Or benevolent ruler. Or that one guy who fixes everything and hops off to another adventure. Much like the Lone Wanderer in Fallout 3, Courier Six in New Vegas is the ace in the hole needed to turn the tides of war. New Vegas itself is a place where fortune and failing is possible in every turn, and that uncertainty continues the series' tradition of immersing a player into a slice of a post-apocalyptic America. Beyond that however, is the story of a courier who walks through a desert for revenge, only to stumble into a game with infinite stakes. To make it through that journey, the player has access to better survival mechanics and camera; instead of useless workbenches and merely atmospheric campfires, players may now use them to fix their equipment and craft various items. If they get lonely, companions who are no longer two-dimensional in character can hop on to their caravan and provide perks which seriously helps in the game's more difficult fights. These fights, for the most part, can be avoided by careful management of abilities or SPECIAL. Abilities these time around are better constructed, and the added ones from all the DLCs are gamebreakers when chosen carefully. While Fallout 3's choices of DLCs are great, New Vegas' choices honestly feel more streamlined and makes more sense for the Courier to tackle, even if the scientists at BM think you're doing uncomfortable things by just waggling your fingers. Despite unfixed bugs and strange clipping issues, New Vegas is immersive and charming, and worth several playthroughs to get to all its endings.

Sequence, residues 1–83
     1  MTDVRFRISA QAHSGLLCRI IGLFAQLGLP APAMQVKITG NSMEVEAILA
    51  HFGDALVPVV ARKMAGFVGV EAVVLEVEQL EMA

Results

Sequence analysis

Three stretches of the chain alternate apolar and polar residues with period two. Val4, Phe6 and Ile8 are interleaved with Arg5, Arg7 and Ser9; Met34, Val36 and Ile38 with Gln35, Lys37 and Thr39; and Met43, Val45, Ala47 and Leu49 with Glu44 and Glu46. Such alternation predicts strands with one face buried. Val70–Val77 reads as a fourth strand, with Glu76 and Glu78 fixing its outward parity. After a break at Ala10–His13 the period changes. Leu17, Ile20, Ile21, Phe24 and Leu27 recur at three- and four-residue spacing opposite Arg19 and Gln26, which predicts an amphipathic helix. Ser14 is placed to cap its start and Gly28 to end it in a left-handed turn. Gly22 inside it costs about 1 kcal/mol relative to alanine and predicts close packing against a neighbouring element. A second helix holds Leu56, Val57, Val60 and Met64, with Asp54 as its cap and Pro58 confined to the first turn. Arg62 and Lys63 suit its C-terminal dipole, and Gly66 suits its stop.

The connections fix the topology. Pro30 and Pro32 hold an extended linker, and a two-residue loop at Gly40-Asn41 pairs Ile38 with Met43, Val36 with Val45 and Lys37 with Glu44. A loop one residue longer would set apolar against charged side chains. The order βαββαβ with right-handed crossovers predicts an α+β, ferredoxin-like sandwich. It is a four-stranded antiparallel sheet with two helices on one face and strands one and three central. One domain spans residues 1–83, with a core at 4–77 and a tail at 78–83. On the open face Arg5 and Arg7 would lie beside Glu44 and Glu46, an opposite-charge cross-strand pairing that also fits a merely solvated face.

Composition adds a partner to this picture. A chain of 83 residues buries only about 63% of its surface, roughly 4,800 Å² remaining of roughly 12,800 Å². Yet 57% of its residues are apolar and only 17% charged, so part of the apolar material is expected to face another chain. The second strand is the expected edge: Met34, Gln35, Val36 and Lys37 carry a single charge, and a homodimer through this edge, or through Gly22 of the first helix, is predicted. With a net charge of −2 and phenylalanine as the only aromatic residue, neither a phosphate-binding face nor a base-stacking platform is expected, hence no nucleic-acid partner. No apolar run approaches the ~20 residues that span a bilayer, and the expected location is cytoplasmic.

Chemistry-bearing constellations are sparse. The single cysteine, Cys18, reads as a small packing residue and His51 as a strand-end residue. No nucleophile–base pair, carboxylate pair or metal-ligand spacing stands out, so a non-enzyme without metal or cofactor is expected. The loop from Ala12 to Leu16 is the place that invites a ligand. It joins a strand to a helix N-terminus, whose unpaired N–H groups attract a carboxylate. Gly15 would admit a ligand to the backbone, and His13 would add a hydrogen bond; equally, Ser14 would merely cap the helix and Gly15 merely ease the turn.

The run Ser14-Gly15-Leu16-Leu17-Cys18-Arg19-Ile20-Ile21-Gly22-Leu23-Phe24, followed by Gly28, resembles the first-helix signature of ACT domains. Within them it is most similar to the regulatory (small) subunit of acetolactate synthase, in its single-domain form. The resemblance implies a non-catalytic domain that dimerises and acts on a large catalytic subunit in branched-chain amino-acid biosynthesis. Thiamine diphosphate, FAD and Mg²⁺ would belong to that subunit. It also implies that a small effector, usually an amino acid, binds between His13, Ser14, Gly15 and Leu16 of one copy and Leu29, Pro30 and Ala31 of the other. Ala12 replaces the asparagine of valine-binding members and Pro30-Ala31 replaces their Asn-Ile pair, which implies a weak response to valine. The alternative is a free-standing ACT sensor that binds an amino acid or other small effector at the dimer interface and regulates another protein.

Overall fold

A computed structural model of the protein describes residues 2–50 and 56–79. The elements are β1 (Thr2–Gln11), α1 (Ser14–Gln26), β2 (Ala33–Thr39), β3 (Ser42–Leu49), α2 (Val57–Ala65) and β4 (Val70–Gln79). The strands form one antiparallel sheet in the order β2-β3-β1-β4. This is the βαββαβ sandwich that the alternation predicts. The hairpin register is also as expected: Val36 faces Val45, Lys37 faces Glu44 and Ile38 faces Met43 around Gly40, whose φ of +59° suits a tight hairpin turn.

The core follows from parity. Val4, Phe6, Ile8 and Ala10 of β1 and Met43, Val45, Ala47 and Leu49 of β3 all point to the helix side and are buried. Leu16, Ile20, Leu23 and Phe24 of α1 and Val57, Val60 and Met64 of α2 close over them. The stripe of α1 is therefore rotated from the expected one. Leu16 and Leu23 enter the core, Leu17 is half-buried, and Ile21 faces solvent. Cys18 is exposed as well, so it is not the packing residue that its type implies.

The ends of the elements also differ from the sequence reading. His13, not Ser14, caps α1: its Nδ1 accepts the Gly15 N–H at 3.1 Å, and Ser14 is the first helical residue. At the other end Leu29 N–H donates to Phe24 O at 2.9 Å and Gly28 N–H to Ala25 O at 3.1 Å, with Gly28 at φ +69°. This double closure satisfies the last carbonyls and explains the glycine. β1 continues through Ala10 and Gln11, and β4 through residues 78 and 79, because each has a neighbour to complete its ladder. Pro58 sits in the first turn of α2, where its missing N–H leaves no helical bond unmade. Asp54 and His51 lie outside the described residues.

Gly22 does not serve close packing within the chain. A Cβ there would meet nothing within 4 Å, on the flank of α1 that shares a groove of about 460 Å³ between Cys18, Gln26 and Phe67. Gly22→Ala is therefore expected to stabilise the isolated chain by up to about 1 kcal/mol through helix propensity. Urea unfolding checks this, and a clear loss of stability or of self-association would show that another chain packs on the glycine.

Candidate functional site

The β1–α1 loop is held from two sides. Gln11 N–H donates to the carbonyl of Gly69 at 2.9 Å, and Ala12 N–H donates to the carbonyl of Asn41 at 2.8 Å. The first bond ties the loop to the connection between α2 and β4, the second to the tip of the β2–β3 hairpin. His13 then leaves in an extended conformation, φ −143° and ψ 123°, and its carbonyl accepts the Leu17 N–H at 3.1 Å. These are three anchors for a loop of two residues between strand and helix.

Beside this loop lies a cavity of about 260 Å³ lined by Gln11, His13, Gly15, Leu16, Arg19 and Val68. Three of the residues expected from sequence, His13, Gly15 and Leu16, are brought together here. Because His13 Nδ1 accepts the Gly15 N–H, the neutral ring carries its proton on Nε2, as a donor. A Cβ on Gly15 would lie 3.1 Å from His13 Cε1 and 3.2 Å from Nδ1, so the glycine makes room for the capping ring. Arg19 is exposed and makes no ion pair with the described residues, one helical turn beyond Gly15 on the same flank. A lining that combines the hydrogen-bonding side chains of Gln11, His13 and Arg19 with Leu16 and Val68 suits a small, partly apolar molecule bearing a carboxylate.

Same old fallout, new land

finkrocks44 | Nov. 22, 2013 | See all finkrocks44's reviews »

Personally, I still think that I like Fallout 3 better than New Vegas, but both are very similar. New Vegas does, however, have a nicer landscape, and actual cities that bring new life to the game. The mechanics are just like in Fallout 3, you are traveling around the world in a free-realm and can go across doing everything in any order you choose, so you have unlimited gameplay hours and replayability. My only complaint is that other than giving you a new storyline and world, it doesn't really do much different than Fallout 3, it feels more like an expansion than a completely new game. The price seems to be going pretty low though, and whether or not its like Fallout 3, it's still an amazing game and I would highly recommend it.


You cannot name this one something else than Fallout.

sergebelanger22 | Oct. 24, 2013 | See all sergebelanger22's reviews »

Fallout New Vegas is the newest game of the franchise. The Ultimate Edition will give you access to the game and the 4 DLCs, which all take around 8 hours each to complete and a good 40 hours for the game itself. I personnally have spent around 100 hours in it and at the end, I went a little faster through the missions since I was getting a bit tired of doing missions. So if you like exploring and grinding, this is without any doubt for you.